A conservative group has joined with eight California educators in a lawsuit filed this week that seeks to eliminate the right of unions to collect mandatory "agency fees" from teachers — even if they are not full members.
Similar litigation challenging the fees failed last year when the Supreme Court deadlocked 4-4, leaving the current policy in place. If this latest litigation were to reach the court following the confirmation of an appointee by President Trump, teachers unions could lose a key source of funding.
Agency fees, which are employed by unions in 23 states including California, are meant to cover the cost of representing teachers in such things as salary and benefit negotiations. Teachers can opt out of the portion of membership dues for activities labeled as political, but they still are on the hook for about two-thirds of the total.
For Los Angeles teachers, full union dues are $988 per year.
The complaint filed Monday in Santa Ana federal court asserts that most union activities, even salary and benefits negotiations, are "inherently political" because, for example, they involve decisions on how to use tax dollars.
"Forcing teachers to financially support causes that run counter to their political and policy beliefs is a clear violation of their 1st Amendment rights," said Terry Pell, president of the Center for Individual Rights, which is based in Washington, D.C. "Public school teachers deserve to choose for themselves, as many workers across the country do, whether or not to fund the union's views."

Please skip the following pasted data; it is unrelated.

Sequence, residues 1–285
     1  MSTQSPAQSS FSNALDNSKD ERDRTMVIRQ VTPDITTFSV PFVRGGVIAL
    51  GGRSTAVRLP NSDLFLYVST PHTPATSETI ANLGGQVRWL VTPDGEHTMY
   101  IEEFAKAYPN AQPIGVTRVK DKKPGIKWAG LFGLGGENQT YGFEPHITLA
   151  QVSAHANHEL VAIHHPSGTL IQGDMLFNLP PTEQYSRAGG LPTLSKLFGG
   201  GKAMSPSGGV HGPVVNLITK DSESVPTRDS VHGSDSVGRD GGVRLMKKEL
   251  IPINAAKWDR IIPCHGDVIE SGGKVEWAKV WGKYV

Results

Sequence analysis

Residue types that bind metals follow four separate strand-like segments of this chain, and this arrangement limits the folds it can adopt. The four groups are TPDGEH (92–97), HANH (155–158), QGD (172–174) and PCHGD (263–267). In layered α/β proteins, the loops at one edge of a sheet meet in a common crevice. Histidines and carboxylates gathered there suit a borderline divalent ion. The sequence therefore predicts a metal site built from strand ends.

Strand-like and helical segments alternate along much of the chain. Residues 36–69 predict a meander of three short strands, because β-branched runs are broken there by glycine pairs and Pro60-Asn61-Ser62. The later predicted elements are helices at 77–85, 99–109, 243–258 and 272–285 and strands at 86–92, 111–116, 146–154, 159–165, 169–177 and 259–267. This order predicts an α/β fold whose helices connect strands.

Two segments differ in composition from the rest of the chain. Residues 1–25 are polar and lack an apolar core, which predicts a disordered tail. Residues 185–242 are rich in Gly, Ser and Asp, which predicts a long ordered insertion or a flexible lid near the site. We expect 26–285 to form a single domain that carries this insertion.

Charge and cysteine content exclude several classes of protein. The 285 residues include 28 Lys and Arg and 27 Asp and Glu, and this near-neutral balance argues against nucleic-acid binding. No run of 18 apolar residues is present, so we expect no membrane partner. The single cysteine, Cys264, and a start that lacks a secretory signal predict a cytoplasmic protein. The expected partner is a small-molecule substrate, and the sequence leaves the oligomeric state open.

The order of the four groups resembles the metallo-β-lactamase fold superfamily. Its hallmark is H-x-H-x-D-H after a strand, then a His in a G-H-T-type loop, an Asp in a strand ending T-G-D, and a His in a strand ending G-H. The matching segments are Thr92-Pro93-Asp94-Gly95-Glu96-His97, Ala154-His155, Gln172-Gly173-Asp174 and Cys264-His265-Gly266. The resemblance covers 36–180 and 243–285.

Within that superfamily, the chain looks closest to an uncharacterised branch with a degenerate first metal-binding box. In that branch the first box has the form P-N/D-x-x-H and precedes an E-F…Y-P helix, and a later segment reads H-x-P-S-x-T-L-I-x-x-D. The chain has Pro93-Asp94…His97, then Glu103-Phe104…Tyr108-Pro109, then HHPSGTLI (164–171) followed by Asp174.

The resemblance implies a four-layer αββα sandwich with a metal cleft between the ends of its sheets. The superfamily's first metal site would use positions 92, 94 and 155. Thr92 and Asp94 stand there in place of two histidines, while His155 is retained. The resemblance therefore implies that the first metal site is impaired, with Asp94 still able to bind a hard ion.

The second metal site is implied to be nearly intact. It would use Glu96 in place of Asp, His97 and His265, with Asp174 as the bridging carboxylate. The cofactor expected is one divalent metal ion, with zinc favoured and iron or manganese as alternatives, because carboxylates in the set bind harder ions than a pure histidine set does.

One of the plaintiffs, Ryan Yohn, said he objected to the union's support for laying off teachers based on seniority rather than performance evaluations.
"I have seen firsthand examples throughout the years where an amazing teacher … was bumped out of their classroom or laid off simply because they were new, young and temporary," said Yohn, an employee of the Westminster School District in Orange County.
But California Teachers Assn. President Eric C. Heins on Tuesday defended the fees, saying: "We bargain for the working conditions of teachers, which are the learning conditions of our students." The goal of the latest lawsuit, he said, was "to weaken all unions and the voice of working people. It's a political attack."
Unions have been under assault on several legal fronts, including challenges to tenure protections.
The Center for Individual Rights receives major financial support from people and groups associated with anti-union positions.
Even so, Pell said, "The fact remains that the case will put the decision of whether unions are good or bad into the hands of teachers themselves rather than the legislature, the courts or even CIR's donors."
The main difference between last year's case and this one, Yohn vs. California Teachers Assn., is simply a new set of plaintiffs. The litigants also want to change the law so that the union would have to persuade teachers to opt in to membership rather than being automatically enlisted.
In the Friedrichs vs. CTA case last year, the outcome was hard to predict because past rulings by Justice Antonin Scalia — the likely swing vote in the case — could be read different ways. During the hearing, Scalia's questions and comments seemed to presage a victory for Pell's side. The case ended in the 4-4 decision after Scalia died.
Trump's Supreme Court nominee, Neil Gorsuch, is said to be a jurist in the mold of Scalia. But, said Pell, Gorsuch "has not decided any cases like this."